Studio battles chronic setbacks

Thirty years ago an amazing thing happened in Hollywood: MGM had a good run.

Movies like “That’s Entertainment” (1974), “Network,” (1976) and “The Goodbye Girl” (1977) did well at the box office. Newspapers praised the studio’s comeback.

Of course, management responded by firing the head of production, Dan Melnick, and the SEC launched an attack on Kirk Kerkorian, charging that he was operating the company as though it was a private entity even though it was 49.9% publicly held.

It all served as a reminder that Leo the Lion can’t win. If cats have nine lives, Leo better have 40.

MGM was back in the tank again last week as Harry Sloan was bounced as CEO and Stephen Cooper was given the reins. Cooper is a specialist in restructuring companies and peeling off assets and most recently applied his wizardry to such distinguished companies as Enron and Krispy Kreme.

Burdened with $3.7 billion in debt, Cooper will doubtless be looking for assets to sell, not movies to make, but he’s hardly the first to take on that role. Previous owners of MGM have sold everything from its backlot to William Wyler’s personally annotated shooting script for “Mrs. Miniver” to Elizabeth Taylor’s powder blue gown from “Raintree County.” Even Tarzan’s loincloth was auctioned off.

For generations, it seems, MGM has had a death wish. When Jim Aubrey took over as president in 1970, he took pride in canceling pictures by David Lean and Fred Zinnemann. Later, when he saw “Jaws” on the studio’s production charts, he saw to it that it was canceled, too.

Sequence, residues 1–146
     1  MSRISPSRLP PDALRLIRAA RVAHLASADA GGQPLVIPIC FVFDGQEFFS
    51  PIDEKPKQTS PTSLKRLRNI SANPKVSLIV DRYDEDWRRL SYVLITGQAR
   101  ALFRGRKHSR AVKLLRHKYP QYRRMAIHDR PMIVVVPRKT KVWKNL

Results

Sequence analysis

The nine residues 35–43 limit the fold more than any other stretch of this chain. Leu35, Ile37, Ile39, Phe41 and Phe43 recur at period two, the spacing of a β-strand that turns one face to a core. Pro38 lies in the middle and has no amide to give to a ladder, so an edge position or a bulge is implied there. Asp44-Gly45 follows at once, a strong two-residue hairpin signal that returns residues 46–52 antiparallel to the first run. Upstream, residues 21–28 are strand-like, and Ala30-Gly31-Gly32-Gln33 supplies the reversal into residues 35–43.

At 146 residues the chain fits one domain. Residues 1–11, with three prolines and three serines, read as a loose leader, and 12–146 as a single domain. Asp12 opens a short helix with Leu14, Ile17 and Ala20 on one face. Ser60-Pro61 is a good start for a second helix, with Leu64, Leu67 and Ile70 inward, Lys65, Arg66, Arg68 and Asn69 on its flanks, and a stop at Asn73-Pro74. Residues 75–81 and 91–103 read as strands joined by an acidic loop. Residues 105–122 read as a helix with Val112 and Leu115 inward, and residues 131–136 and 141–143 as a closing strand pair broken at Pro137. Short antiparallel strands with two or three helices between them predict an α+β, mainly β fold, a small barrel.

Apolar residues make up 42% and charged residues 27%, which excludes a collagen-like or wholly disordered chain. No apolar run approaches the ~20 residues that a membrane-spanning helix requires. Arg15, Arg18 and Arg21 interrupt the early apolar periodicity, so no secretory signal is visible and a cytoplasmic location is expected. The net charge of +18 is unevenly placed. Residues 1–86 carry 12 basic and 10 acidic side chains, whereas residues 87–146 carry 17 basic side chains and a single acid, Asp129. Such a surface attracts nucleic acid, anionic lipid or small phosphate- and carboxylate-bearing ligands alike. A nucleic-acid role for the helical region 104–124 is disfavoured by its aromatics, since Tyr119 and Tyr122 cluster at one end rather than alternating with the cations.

When I was hired as senior vice president for production in 1983, MGM’s then newly installed president, Frank Yablans, assured me that Kerkorian had given him “an open checkbook.” His admonition: “If we succeed, it’s back to the halcyon days. If we don’t, Kirk locks up the studio and throws away the keys.”

Alas, we didn’t succeed — that famous MGM undertow saw to that — but Kerkorian decided on a better plan than tossing the keys. Instead, he decided to sell the studio. And Kirk has been buying and selling it ever since.

That’s where Harry Sloan messed up. A tough-minded businessman who made his big score in European television, Sloan became enamored of the MGM logo and its fabled library of 4,000 titles. And just as Kerkorian had come up with the epiphany of reviving United Artists in the ’80s, so Sloan decided not only to restore that company but to name Tom Cruise as its production chief.

Leo’s curse was soon to materialize, however. UA’s first movie was the dreadful “Lions for Lambs,” directed by Robert Redford. Meanwhile, Sloan’s strategy for MGM of focusing on tentpoles never got off the ground.

So now some insiders are wondering, will Kerkorian materialize yet again to save the day?

One day during my misbegotten MGM career, my assistant told me Kerkorian was calling. Calls from the great man were rare, so I eagerly picked up the phone to hear Kirk himself on the line. “Peter, this movie Michael Crichton is shooting, I’d like to drop by the set.”

“Great idea,” I responded, remembering that Kirk had famously never been on a movie set. “They’d be thrilled to see you.”

“Well, who do I have to call …?”

“Kirk, you own the studio. Don’t call anyone — just walk right on. I’ll go with you if you like.”

I realized then that, in Kirk’s mind, he didn’t really own the studio. He was sort of renting it. Temporarily. And probably that was the reason why among all the various owners he, alone, has profited from his MGM experience.

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